Greg Wonder, a 2010 graduate of the New England School of Communications has been hard at work over the past 3 years working on the documentary Dennis Viollet – A United Man which was recently finished. Wonder took some time out of his busy video production schedule in Los Angeles to talk with the NESCom Blog to talk about the project and its plans for the future.
NESCom Blog: Bring us up to date on what you’re doing in Los Angeles and how you became involved with Dennis Viollet – A United Man?
Wonder: I’m based out of Los Angeles and as far as entertainment employment goes, this is really the best place for it. My work consists of many things like writing, directing and producing but my day to day job is really as a cinematographer, video editor, and colorist. Editing/color are the things I end up doing most since there’s far more demand for it. I am a freelance contractor but the bulk of my work comes from the same company and we work on a variety of different things from fashion/makeup brands to beverage companies.
I became involved in the project through simple networking. Rachel Viollet (the film’s director/producer) and I met through mutual friends when we were both new to LA and she mentioned that she wanted to make this documentary about her father. She liked my work and the two of us got along really well so she brought me on as the DP, editor, and co-producer.
NESCom Blog: So who is Dennis Viollet and what is his story?
Wonder: Dennis Viollet – A United Man is a documentary about a Manchester United legend who played back in the 50’s and 60’s. He’s one of the best players to ever come through the club and actually still holds the record for most goals in a season. After his professional career in England he came to the United States and played a huge roll in popularizing the game over here.
NESCom Blog: With a subject that spent time in both England and America, did you have to shoot in both countries?
Wonder: The first thing we shot was a couple of short interviews in LA of Rachel and the consulting producer Kim Waltrip (producer Hit & Run) for an indiegogo campaign. The campaign raised enough money for Rachel and I to travel to England for a week and shoot our first batch of interviews. We spoke to men like Denis Law and Sir Alex Ferguson who are legends in the sport which was pretty amazing. After England, we traveled to Jacksonville, FL which is where Dennis spent the second half of his life, and shot the remaining interviews for the film. We shot Rachel’s interview in LA and also was able to grab one with the global ambassador for Man U as he was passing through town on business.
NESCom Blog: How did the film challenge you as DP/Editor?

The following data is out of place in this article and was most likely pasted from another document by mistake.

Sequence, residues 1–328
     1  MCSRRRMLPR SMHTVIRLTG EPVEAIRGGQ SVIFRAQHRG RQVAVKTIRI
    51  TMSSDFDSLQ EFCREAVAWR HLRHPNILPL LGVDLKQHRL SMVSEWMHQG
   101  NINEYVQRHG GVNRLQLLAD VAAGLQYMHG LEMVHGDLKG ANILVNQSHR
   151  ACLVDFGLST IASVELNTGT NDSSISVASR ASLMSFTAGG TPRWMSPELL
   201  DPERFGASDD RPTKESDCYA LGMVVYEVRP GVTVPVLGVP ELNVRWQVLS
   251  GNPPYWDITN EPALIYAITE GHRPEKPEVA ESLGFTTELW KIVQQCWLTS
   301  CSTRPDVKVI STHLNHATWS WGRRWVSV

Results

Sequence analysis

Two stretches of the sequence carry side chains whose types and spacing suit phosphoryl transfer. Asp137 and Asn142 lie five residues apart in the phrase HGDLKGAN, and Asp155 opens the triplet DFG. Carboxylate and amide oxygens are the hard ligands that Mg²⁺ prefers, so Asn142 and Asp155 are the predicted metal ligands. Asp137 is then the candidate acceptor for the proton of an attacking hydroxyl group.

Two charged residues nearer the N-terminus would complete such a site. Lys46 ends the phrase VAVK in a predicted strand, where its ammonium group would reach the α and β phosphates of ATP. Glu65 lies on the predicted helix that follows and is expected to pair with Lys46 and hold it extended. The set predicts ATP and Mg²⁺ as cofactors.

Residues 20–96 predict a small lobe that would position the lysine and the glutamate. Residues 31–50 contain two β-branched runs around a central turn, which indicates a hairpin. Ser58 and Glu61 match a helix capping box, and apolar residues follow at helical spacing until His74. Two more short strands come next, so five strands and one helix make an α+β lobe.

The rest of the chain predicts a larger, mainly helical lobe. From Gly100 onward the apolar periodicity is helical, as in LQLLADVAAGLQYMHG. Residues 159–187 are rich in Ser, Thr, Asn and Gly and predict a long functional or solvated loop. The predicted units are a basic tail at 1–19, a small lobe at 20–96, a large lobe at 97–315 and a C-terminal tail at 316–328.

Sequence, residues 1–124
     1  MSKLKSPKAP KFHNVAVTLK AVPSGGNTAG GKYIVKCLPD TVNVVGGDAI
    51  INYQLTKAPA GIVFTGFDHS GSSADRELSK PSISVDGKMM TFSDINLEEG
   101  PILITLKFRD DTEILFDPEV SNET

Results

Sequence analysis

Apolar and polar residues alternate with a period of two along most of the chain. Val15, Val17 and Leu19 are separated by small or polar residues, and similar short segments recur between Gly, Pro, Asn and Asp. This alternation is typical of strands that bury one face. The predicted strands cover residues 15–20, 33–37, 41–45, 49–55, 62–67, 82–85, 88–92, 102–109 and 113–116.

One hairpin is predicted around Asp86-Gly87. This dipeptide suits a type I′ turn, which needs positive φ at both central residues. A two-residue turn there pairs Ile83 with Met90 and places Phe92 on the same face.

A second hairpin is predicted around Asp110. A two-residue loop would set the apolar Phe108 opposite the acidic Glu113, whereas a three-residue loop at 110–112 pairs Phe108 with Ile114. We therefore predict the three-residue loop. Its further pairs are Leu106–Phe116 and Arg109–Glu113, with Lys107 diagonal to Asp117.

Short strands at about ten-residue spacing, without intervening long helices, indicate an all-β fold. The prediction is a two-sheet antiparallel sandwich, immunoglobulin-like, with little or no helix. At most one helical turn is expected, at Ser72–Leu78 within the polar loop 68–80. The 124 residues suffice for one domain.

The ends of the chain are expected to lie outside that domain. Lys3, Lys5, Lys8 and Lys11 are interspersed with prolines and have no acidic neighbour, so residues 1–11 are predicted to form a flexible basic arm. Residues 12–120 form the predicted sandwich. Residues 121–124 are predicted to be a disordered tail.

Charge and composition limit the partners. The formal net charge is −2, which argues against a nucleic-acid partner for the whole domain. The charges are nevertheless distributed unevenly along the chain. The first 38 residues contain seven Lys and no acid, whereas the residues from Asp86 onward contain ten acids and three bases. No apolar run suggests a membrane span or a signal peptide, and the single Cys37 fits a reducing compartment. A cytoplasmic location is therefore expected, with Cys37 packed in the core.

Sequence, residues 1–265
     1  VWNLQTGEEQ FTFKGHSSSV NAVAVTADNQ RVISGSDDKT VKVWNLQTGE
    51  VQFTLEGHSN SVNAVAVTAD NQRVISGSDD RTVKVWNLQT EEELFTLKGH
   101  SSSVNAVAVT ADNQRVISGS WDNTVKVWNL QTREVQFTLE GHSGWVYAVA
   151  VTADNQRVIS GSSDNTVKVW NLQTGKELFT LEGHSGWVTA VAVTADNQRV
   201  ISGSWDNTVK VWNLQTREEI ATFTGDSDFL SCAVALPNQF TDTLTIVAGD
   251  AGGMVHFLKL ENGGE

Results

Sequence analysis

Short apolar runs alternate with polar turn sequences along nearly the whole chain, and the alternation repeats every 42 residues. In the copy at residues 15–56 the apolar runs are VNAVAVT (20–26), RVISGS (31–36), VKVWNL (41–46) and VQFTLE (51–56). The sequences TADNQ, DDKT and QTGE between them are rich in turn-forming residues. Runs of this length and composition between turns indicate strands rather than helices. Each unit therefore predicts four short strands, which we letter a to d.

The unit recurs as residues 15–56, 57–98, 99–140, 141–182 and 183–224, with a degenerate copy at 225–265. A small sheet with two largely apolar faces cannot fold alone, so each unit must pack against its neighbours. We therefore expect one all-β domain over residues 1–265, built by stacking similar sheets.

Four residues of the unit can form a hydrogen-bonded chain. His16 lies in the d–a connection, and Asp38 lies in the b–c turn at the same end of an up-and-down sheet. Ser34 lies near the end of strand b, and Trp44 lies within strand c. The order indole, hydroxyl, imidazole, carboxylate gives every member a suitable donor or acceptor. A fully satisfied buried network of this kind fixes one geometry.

Wonder: The creative process of editing a documentary is quite a challenge because there is no script. You create an outline of the general story you want to tell but it largely comes down to sitting in the booth and piecing together a story with the available soundbites and presenting them in a way that makes sense and is compelling. We didn’t want to rely on voice over to tell the story, but rather tell it completely through the interviews so I spent a lot of time sifting through hours of footage to find the little soundbites that would work well together. Rachel also transcribed every interview, which was helpful because she could read through them and offer suggestions for what might work well in a particular section or pick out pieces I may have overlooked.
NESCom Blog: Tell us about the film’s debut in LA and the plans for future screenings/festivals/awards?
Wonder: We screened the film at Raleigh Studios in Los Angeles and it was very well received. Seeing my work on the big screen was a great moment. It was definitely a personal milestone for me. We also screened it the following weekend in Jacksonville, where Dennis spent the latter half of his life, which was really cool since the story is so personal to the city. We have also been selected as the opening night film for the Manchester Film Festival in England on March 3rd which is exciting.
NESCom Blog: What did you learn in the process?
Wonder: I learned a LOT about soccer! Both about the game in general and it’s history in England and the United States. I also learned how to strip my kit down to the bare essentials. When you have to carry every piece of gear by yourself all over a foreign country, it pays to be selective.
NESCom Blog: How did your time at NESCom prepare you for what you do today?
Wonder: The biggest thing NESCom helped me prepare for was the incredible work load you encounter in the real world. I had at least one video project due every week (usually more), which takes up a lot of time if you want them to be any good. I can remember many nights at NESCom where I was the last person to leave the building and the first person back the following morning. In this business it’s not uncommon to work 12+ hour days, in fact I’ve worked over 20 hours straight before. And then if you’re interested in producing your own content it all has to be done after that or on your days off so you really have to learn to budget your time and put in the work.
NESCom also really helped when it comes to being a one-man-band. Between all my courses I was challenged to learn about many different aspects of production which has enabled me to handle just about any part of it. Obviously you want to work with a team and find the best people suited for each position, but budgets don’t always allow for that so you often end up having to do the jobs of about 4-5 different people. If you are able to handle these sorts of tasks it’s going to make you far more employable than your competition.